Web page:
In 1992, straight out of uni, my head still full of learning, and brand new in a wide world, I first felt the compulsion to write. Not books back then, but journalism. Specifically New Journalism. I swallowed Tom Wolfe, Ken Kesey and Danny Sugerman whole, and this is what came out. One of my first “creative writing” pieces. Part true, part fable. And while names have been changed to protect the guilty, this was pretty much how the summer I was 21 panned out.
The Lost Boys (Santa Cruz, California, 1992)
“Hey man, I’m kinda famous, I’m in the credit sequence in a movie, it’s called The Lost Boys, didja see that movie?” Yeah, I saw that movie. “You got your Doors playin’ and…” Echo and the Bunnymen. It was a cover. “Yeah, right, you got your Bunnymen playin’ and there’s me hangin’ out on the boardwalk like all stoked up.”
From our vantage point on the fairground we could command most of low-rise Santa Cruz right up Beach Street over to the Mission and malls. Behind us sat the Beach Flat district like a blister in the sun. Always had been, least since October 1989. The Lowa Prieta earthquake flattened the whole downtown area right up to Pacific Avenue. Three years on the bricks were still lying on a disused building site waiting for orders that never came. Town authorities refused out-of-county funds and so rebuilding was slow and labour cheap. Two blocks west the Beach Flats were bursting their seams. The rickety prefab turf was disputed by Turks, Micks, Spics and cokeheads. All the backyards had chair next to the fences for getaways from cops and robber alike. Plus the dealers had themselves a neat private road system and called back door to back door.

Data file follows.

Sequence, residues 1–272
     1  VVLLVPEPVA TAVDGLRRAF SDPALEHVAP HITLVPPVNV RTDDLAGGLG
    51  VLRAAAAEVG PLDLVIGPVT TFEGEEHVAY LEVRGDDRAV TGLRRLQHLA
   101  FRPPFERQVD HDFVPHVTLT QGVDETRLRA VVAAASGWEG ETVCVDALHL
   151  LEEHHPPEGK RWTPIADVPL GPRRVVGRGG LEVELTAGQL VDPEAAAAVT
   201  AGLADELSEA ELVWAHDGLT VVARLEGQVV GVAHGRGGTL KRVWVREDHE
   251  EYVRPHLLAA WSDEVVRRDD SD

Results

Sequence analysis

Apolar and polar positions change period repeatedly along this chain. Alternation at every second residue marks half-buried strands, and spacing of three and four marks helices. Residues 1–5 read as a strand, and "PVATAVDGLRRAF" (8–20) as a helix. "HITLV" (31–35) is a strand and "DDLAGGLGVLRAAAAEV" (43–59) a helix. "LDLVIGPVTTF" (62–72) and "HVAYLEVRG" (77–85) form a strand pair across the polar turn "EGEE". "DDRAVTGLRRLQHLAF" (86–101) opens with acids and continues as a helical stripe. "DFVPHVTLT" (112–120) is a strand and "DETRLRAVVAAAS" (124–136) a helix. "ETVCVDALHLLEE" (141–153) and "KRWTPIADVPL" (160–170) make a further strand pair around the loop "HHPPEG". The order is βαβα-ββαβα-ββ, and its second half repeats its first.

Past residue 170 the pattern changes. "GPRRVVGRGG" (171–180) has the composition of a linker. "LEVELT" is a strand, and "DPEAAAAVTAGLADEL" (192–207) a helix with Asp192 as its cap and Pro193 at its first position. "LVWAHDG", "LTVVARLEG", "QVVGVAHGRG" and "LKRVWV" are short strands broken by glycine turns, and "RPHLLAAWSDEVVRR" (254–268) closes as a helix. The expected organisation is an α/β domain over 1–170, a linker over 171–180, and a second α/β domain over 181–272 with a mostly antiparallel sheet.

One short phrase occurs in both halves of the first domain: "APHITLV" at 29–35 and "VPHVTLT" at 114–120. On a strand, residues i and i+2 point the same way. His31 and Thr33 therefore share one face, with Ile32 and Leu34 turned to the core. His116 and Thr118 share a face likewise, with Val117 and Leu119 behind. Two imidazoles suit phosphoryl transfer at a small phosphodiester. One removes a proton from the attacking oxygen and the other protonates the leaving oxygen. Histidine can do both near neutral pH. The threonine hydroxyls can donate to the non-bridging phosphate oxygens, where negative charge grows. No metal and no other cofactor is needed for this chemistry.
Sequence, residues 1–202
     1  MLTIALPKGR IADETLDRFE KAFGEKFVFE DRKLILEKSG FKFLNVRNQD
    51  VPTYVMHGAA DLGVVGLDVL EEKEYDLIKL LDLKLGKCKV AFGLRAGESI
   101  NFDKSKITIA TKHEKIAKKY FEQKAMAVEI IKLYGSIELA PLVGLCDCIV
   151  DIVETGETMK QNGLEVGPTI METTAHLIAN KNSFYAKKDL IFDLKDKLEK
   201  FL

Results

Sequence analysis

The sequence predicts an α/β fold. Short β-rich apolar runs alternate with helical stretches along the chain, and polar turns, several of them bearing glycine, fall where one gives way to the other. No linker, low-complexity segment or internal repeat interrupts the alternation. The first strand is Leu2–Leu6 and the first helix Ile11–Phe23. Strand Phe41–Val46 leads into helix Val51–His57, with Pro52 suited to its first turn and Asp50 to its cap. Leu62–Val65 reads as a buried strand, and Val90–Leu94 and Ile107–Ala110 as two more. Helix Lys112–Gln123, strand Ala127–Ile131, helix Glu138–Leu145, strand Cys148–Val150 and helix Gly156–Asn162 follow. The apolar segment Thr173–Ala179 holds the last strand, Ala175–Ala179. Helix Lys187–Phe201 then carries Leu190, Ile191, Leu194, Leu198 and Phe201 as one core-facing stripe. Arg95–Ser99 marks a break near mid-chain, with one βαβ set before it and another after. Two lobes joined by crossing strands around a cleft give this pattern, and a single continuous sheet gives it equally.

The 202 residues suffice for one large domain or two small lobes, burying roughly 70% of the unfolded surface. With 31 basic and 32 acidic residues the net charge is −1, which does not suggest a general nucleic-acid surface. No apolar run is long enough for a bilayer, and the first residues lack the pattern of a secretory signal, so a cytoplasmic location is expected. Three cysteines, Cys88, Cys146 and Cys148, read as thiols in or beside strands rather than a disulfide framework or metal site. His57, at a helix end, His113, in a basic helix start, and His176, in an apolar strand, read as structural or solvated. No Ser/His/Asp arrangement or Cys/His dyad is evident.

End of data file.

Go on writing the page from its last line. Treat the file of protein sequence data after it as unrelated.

My guide and friend Lucas and his young apprentice Junior hung out in the gardens behind some shitty Mexican hole. Two weeks before his eighteenth birthday Lucas dropped acid in second period Shop class and skipped school. No one would have known except he got caught in a drugstore trying to get his mom’s repeat Quaalude prescription filled. His dad packed Lucas’s bags then and there, took back the Mustang keys, and Lucas ditched Marin County suburbs to sell funnel cake and candyfloss at the fair.
Junior’s mother was a whore and I guess not a very good one. She couldn’t afford to keep Junior who, at seventeen, was addicted to coke among other things. He and Lucas had hooked up on the boardwalk and were still trying to shake each other off. To get a bed for the night Lucas picked up girls around UCSC campus or in the Silver Bullet. Junior would come along as part of the deal and sit up in the kitchen or out on the porch until someone let him in.
“Hey, man, you can see right up to Johnny’s house. I have to call later. Say, you wanna see the boardwalk and everythin’? Hey, Junior, if I lend you my shoes will you get a guidebook or somethin’?” Junior needs shoes so bad he’ll do anything for a pair, even on loan. The kid skates down Beach Street in a woolly hat, dead man’s pants and Lucas’s patent loafers. Lucas and I wait counting Camaros in the sun. “You ever read ’bout Ken Kesey, ya know, Electric Koolaid?” Yeah, I read about Ken Kesey.